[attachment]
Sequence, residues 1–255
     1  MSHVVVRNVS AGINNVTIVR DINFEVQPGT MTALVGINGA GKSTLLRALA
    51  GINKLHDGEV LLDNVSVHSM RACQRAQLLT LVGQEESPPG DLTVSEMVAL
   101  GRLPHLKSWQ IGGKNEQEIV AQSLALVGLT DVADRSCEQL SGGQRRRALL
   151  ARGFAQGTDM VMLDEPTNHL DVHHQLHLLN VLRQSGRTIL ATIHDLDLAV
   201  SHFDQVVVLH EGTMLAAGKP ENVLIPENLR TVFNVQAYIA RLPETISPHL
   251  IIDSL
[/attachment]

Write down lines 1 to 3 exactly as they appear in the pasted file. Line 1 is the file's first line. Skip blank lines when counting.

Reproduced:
Sequence, residues 1–255
     1  MSHVVVRNVS AGINNVTIVR DINFEVQPGT MTALVGINGA GKSTLLRALA
    51  GINKLHDGEV LLDNVSVHSM RACQRAQLLT LVGQEESPPG DLTVSEMVAL